With respect to the terminals A and B of the shift register 116, the operation thereof is the same as that previously described with reference to the shift register 114 so that the frequency component at terminal B of the shift register 116 immediately precedes the next frequency component coupled by the gate 124. The flip-flop 125 is reset by the clock 104 at the beginning of each measurement interval so that the gate 124 is strobed only once during each measurement interval. For a constant value of rotation, the two frequency components have the same slot address in the graph 108 and, accordingly, the comparator 120 strobes the register 126 to read the address, or value, of the frequency component. The value of frequency in the register 126 is presented as the speed of rotation of the target 22 on the indicator 128. If desired, a read-only memory 136 and a comparator 138 may be coupled between the register 126 and the indicator 128 for providing a further indication that the frequency of rotation is a correct value of rotation. The memory 136 stores one or more desired values of rotation which are then compared by the comparator 138 to the actual value of rotation as obtained from the register 126 for signaling the indicator 128 to display that the rate of rotation is correct.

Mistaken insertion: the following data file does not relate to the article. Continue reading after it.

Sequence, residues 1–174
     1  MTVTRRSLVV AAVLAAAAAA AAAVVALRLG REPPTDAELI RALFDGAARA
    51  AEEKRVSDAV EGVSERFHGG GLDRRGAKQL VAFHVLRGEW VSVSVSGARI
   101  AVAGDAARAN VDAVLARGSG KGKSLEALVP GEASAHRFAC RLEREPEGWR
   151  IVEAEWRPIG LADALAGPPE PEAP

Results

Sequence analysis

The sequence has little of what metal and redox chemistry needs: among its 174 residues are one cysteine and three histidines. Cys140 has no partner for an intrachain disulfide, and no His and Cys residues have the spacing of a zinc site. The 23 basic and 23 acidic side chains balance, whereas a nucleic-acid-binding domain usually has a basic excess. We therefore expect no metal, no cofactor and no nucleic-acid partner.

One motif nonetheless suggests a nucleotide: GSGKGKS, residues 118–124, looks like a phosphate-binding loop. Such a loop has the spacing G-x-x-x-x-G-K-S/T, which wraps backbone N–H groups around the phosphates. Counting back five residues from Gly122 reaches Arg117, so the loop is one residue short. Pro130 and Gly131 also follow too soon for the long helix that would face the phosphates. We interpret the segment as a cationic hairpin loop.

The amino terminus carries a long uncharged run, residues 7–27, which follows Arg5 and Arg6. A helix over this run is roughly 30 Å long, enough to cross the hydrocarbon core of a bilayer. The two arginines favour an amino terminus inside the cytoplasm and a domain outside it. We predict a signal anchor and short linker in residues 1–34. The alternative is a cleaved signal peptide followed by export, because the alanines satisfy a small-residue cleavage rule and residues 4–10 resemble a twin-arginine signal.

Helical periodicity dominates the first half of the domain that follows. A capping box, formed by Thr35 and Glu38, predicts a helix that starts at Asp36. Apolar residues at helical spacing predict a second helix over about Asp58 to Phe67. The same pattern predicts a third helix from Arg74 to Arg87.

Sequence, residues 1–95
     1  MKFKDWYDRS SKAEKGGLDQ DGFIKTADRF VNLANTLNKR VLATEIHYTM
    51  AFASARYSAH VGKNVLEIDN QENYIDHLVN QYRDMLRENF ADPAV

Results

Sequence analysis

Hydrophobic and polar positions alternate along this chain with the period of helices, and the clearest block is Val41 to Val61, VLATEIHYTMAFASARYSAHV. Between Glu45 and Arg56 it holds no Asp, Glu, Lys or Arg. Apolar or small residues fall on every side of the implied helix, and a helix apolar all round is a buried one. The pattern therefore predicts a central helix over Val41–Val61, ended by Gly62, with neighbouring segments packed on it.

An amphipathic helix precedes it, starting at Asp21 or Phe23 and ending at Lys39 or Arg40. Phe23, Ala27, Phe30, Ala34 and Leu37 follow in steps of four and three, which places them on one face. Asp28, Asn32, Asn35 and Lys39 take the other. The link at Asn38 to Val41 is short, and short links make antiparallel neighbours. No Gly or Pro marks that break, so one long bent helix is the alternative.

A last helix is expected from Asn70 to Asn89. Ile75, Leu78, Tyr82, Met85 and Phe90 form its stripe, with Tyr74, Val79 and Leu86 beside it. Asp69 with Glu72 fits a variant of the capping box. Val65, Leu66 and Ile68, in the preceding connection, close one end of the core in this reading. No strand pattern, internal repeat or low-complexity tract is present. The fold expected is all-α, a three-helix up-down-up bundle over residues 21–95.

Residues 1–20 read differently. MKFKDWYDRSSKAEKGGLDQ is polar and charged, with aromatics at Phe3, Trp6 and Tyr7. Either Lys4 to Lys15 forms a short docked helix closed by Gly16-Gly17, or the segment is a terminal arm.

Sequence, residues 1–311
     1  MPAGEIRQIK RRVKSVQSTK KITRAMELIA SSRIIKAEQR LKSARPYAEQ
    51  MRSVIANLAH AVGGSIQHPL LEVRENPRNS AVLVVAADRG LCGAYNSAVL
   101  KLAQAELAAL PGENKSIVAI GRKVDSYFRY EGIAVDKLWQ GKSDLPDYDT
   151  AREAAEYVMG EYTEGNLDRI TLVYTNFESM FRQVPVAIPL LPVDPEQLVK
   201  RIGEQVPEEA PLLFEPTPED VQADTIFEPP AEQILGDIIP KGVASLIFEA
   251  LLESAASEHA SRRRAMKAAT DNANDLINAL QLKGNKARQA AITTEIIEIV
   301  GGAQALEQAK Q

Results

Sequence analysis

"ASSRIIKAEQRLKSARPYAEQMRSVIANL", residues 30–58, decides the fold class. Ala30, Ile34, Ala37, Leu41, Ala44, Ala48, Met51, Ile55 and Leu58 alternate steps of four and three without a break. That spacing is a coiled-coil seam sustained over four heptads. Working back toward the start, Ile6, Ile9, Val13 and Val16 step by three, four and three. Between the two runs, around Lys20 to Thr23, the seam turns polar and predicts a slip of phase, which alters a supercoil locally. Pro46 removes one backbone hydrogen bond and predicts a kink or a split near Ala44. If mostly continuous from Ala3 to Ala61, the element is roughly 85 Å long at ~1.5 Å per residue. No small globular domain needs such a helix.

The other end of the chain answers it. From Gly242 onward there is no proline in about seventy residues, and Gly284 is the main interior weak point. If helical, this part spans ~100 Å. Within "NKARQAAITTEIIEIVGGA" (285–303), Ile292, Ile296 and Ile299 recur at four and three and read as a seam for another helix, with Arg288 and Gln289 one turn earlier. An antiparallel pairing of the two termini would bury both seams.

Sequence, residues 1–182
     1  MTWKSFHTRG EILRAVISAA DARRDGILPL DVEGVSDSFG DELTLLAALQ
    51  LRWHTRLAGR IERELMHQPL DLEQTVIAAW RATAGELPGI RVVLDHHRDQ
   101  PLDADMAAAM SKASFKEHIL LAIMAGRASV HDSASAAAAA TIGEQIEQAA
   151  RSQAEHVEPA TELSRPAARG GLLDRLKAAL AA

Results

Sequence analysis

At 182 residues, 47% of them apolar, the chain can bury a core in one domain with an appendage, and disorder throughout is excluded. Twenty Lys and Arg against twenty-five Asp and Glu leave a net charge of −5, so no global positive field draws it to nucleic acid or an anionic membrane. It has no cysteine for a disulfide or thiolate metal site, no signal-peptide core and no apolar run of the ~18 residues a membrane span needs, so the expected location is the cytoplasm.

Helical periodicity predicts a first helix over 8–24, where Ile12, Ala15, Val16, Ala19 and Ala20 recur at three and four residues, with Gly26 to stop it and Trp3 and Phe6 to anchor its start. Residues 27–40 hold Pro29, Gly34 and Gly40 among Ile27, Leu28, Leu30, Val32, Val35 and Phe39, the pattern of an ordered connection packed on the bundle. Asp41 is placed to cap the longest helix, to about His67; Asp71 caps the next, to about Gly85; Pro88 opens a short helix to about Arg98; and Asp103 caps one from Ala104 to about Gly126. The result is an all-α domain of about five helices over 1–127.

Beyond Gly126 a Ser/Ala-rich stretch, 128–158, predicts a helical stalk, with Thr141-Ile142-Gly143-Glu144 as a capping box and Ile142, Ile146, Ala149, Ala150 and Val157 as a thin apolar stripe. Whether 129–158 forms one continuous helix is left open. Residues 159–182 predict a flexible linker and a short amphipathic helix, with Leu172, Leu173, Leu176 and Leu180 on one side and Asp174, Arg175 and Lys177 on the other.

Referring now to FIG. 7, the signature analyzer 122 of FIG. 6 is seen to comprise an address generator 140, a selector switch 142, a memory 144, a scaler 146, a programmer 148, a memory 150, a correlator 152 and a display 154. One input terminal of the switch 142 is coupled via line 156 to the shift register 115 of FIG. 6, and an input terminal of the memory 144 is coupled via the line 133 to the shift register 114 of FIG. 6.